Skip to Content
We Speak English, Spanish and Farsi 213-344-0043
Saving for retirement is something that most people are aware they need to do. However, in the recession that has gripped the U.S. since 2008, many have found it difficult just to make ends meet, let alone put away money for the future. Some people have found themselves in circumstances where they needed to use the money they had saved for retirement for current expenses. However, doing so can lead to more problems than it solves. People should be aware of the difficulties that can arise from borrowing from 401k accounts and how bankruptcy might be a better option for those struggling financially.

Undermining retirement

Financial experts have already sounded the alarm about the rate that people in the U.S. save for retirement. According to an Employee Benefits Research report issued in March 2013, 57 percent of workers reported having less than $25,000 in retirement savings. In comparison, only 49 percent of employees in 2008 reported having so little saved. Economists noted that young workers are particularly vulnerable with respect to retirement savings, as the economic downturn has prompted many employers to reduce pension benefits and delayed many people from beginning careers because they cannot find jobs.

Many have begun to make the problem worse for themselves by borrowing money from their 401k accounts. A report by financial advisory firm HelloWallet revealed that one in four workers have raided retirement savings to pay bills such as mortgages and credit card debts. The report showed that one-third of those who use retirement savings for bills have taken the money from 401k accounts.

Problems with borrowing from 401ks

People may believe that it will not harm them to “borrow” from 401k accounts to pay pressing bills now, believing they can repay the money at a later date when finances are not so tight. While borrowing from these accounts, rather than straight withdrawals, avoids having to pay taxes on the money initially, if people find out they cannot repay the money they will have to pay taxes on it later.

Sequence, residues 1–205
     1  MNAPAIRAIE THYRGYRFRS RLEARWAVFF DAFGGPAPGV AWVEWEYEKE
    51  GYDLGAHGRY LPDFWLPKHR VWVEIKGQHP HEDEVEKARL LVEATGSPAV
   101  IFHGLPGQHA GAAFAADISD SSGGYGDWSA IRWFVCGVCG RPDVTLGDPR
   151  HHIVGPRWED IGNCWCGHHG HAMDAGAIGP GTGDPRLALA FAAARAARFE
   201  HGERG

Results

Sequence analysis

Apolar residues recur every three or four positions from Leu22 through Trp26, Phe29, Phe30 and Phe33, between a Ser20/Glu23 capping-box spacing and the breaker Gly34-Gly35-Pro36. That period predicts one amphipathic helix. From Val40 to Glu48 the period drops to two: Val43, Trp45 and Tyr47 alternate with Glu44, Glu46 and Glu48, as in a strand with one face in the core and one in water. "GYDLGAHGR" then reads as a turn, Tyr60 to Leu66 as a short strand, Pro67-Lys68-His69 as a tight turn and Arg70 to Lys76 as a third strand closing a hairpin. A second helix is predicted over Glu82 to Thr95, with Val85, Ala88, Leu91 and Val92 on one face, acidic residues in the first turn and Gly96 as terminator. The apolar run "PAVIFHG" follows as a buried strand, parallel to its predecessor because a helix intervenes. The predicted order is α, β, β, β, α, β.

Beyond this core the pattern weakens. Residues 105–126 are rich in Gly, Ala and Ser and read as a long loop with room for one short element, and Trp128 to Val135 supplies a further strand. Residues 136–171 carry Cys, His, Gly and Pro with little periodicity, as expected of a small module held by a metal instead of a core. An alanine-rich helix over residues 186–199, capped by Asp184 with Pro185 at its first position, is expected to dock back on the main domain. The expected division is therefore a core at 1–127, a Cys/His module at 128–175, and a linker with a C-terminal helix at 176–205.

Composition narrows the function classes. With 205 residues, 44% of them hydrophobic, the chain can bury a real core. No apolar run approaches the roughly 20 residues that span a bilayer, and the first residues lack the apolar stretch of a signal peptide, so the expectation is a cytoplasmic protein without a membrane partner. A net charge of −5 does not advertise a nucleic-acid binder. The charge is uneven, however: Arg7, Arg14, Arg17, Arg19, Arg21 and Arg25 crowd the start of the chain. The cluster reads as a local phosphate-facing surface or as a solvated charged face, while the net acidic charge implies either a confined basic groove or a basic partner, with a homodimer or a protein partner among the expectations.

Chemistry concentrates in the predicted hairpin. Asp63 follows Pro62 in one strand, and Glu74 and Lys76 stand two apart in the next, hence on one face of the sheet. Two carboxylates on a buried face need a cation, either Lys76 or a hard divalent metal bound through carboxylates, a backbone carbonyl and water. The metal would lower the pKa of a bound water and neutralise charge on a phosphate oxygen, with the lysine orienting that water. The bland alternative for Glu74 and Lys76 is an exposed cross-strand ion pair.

Additionally, once a person removes money from a 401k and puts it into a normal bank account, the funds are no longer exempt from creditor collection actions like they were when they were retirement funds. Creditors may try to seize the funds after withdrawal from the 401k.

Finally, when the money is not in the 401k account, it is not earning interest and growth for the future.

Bankruptcy may be an alternative

Those who feel overwhelmed by debt may find filing bankruptcy is a better option than using retirement savings for debts. People may keep all of their retirement funds when filing bankruptcy, as well as many other possessions – all while the automatic stay that accompanies a bankruptcy petition prevents creditors from instituting collection actions. Some people have used bankruptcy as a way to prevent foreclosure and become current in their mortgage payments. After filing bankruptcy, most or all of a person’s unsecured debts are discharged, and he or she can make a fresh financial start.

If you are struggling to pay your bills, speak with an experienced debt relief attorney who can inform you of your options.

Share To: